Fuzzy logic is an alternative to traditional Boolean (true/false) logic. Boolean logic requires all statements to be either completely true or completely false. Fuzzy logic allows statements to assume degrees of truth ranging from completely false to completely true and including all intermediate degrees. By providing a framework for reasoning with imprecise information, fuzzy logic technology enables computer systems to reach specific conclusions in accordance with general guidelines.
Many business decisions, such as determining assortment levels, setting prices or evaluating the success of a marketing program, are guided by broad strategies rather than precise rules. For example, a rule of thumb might dictate that "if a product is very popular then the assortment should be extensive." Without fuzzy logic, this rule of thumb is too imprecise to be utilized directly by a computerized system to make assortment recommendations. A fuzzy system, however, would be able to use the rule as stated to recommend stocking all five colors of a top-selling pump shoe.
What's wrong with precision?
Continuing with the assortment example, Boolean logic requires that every product be classified absolutely as either "very popular" or "not very popular" in order to determine whether to recommend an extensive assortment. For example, we might declare that a monthly unit sales value of exactly 900 units defines "very popular." Therefore, a product with monthly sales of 901 units is "very popular" while a product with monthly sales of 899 units is "not very popular." Because different decision-making rules will be applied based on product popularity, there may be an abrupt change in the recommended assortment even though there is only a 2 unit difference in monthly sales. In addition, moving the cutoff value by only 2 units in either direction has a significant impact on the resulting assortment decisions. At this point we shrug and move on, suspecting that our precise cutoff is a bit too precise.
We add a second rule of thumb: "if the product margin is low, the assortment should be limited." The problem is that we now have conflicting directives for products which are both popular and low margin. In the world of Boolean logic, an assortment can never be both extensive and limited at the same time. There is no compromise. To work around the problem, we make the existing rules more specific and add an explicit compromise such as "if the product margin is low and the product is very popular then the assortment should be moderate." Over time we create an unwieldy set of cutoff points and highly specialized rules. There is, however, an alternative -- fuzzy logic.
How do Fuzzy Systems work?
Fuzzy logic permits a more natural representation of concepts by acknowledging gradual contrasts. Instead of being represented by a single value in the form of a cutoff point, the concept of "very popular" is represented by a fuzzy set. We can construct a fuzzy set such as the following:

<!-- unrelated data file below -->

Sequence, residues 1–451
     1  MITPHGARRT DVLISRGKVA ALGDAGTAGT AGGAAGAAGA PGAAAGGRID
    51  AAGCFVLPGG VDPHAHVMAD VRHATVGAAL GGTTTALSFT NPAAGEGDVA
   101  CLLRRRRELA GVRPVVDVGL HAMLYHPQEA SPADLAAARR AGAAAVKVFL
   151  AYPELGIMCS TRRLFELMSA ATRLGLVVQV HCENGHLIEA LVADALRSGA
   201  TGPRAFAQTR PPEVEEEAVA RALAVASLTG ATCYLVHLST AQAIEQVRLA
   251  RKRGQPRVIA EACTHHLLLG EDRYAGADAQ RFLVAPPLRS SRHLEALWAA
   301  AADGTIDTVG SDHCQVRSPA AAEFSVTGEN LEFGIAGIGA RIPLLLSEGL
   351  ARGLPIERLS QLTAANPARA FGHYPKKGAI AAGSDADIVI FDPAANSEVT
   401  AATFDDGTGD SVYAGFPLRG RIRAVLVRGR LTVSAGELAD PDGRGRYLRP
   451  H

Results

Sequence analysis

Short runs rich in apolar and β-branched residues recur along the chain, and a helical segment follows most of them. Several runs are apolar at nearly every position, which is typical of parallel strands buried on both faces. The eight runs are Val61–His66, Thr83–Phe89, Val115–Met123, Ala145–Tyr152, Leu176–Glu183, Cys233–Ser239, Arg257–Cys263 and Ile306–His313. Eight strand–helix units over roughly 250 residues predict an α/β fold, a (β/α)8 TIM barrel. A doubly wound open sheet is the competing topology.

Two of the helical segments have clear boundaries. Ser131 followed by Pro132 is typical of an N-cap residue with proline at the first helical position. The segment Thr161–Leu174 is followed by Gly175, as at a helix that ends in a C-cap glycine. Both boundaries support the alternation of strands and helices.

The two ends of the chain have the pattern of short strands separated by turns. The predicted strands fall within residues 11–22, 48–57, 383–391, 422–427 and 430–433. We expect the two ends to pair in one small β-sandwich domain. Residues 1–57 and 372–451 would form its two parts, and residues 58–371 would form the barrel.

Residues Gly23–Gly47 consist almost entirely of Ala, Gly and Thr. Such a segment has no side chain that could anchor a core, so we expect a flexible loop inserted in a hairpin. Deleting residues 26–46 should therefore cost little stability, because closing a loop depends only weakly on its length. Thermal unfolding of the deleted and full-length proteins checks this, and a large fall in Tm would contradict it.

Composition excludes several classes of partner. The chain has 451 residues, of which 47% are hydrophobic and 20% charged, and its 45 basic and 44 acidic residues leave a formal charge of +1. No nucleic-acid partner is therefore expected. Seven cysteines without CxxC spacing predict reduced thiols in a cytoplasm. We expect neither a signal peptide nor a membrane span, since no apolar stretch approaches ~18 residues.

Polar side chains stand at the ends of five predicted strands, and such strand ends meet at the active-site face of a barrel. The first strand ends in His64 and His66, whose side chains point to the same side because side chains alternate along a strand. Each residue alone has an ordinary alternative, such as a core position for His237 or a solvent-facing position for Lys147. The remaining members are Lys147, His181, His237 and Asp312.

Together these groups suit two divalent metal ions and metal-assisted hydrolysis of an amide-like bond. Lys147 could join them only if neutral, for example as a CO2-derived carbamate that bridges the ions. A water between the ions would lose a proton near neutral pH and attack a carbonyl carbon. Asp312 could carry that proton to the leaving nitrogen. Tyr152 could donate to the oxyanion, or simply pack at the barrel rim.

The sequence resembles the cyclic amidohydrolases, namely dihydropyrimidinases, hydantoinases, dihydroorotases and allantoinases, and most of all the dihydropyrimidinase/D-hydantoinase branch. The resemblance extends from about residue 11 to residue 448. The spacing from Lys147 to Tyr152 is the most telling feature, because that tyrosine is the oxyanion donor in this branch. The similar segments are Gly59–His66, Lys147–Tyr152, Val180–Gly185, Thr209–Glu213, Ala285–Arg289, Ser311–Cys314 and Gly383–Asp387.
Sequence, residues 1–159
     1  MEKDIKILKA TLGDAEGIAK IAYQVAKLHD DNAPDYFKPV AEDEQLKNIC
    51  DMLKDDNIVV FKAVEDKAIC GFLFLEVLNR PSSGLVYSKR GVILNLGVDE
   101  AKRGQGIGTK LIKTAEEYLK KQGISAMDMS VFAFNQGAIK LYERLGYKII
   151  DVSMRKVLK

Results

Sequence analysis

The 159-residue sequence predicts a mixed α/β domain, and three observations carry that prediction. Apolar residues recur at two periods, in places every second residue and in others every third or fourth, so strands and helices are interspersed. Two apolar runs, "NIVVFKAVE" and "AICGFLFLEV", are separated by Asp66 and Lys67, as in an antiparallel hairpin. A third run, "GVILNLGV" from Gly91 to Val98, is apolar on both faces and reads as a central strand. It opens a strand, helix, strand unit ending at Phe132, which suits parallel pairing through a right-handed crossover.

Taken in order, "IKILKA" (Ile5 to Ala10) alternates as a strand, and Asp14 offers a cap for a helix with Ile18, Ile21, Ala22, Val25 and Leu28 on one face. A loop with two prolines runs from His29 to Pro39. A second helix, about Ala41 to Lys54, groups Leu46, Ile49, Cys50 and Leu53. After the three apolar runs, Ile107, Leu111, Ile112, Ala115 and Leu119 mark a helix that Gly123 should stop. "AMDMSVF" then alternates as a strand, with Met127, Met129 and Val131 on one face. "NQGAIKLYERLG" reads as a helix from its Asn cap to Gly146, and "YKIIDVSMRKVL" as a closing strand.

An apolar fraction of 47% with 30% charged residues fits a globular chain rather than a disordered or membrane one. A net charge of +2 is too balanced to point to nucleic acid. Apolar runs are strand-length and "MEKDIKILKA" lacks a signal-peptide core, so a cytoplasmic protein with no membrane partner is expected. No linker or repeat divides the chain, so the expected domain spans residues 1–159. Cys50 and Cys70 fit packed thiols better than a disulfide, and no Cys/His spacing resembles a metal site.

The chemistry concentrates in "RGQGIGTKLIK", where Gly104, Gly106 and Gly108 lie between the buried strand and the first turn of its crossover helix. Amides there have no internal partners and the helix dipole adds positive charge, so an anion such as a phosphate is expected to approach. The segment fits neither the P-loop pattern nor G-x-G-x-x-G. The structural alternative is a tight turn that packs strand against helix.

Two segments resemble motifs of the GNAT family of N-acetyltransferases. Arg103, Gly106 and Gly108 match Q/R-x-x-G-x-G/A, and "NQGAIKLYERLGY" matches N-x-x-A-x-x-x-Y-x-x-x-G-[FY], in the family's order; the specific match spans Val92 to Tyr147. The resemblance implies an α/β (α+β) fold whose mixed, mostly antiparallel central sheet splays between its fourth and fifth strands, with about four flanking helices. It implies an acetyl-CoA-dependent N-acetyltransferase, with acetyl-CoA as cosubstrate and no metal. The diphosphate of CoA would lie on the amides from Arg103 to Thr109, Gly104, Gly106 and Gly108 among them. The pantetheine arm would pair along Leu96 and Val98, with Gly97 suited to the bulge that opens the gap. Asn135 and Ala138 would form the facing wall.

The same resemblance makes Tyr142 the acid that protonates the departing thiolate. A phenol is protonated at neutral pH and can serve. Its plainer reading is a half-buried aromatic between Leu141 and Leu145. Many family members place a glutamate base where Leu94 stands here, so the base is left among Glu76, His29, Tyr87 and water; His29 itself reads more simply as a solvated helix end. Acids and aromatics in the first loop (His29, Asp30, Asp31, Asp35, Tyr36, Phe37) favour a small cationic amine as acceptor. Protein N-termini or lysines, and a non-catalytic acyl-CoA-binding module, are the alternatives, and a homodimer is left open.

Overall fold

Products with monthly sales <= 700 units are absolutely not (0%) "very popular"
Products with monthly sales > 1000 units are absolutely (100%) "very popular"
All other products are "very popular" to the following extent:
((monthly unit sales - 700) / (1000 - 700)) x 100%
A product with monthly unit sales of 901 units is 67% "very popular." A product with monthly unit sales of 899 units is only slightly less "very popular" at 66%.
We still choose some cutoff points at the edges in order to define a fuzzy set, but we have solved the problem of abrupt transitions from absolutely not "very popular" to absolutely "very popular" based on small differences in the monthly sales figure. In addition, the choice of cutoff points is not as critical because relatively large differences have only minor effects on the popularity rating instead of causing a complete about face. For example, if we increase the requirement for absolutely "very popular" to 1100 units, a product with monthly unit sales of 901 units is still 50% "very popular."
By defining additional fuzzy sets we can also reason about "low" margins, "extensive" assortments and "limited" assortments. Any assortment over 3 colors may be considered "extensive," although 5 colors is obviously more "extensive" than 4 colors. The extent to which a product matches the popularity requirement determines just how "extensive" the selection should be. If a product is 100% "very popular," then the assortment should be 100% "extensive" (perhaps 6 colors). If a product is only 50% "very popular," then the assortment should be only 50% "extensive" (5 colors). Once the fuzzy sets are defined, the system can produce many different recommendations all based on the same general policy.
In a fuzzy system, all rules with some degree of truth contribute to the final solution. Through a process called defuzzification, the system produces a single answer that represents a compromise between all of the suggested conclusions. Rules that are 90% true influence the final solution more than rules that are only 50% true. In the case of a popular but low margin product, the popularity rule may suggest that 5 colors would be appropriate while the margin rule suggests that 1 color would be appropriate. Both of these suggested conclusions are combined to recommend, for example, that 3 colors should be stocked. Conflict resolution occurs automatically without an increase in the complexity of the knowledge base.
This very brief introduction illustrates some of the basic differences between fuzzy logic and Boolean logic. The bottom line (literally) is that fuzzy logic provides a more natural and compact problem representation in many situations characterized by inherent imprecision and conflicting points of view.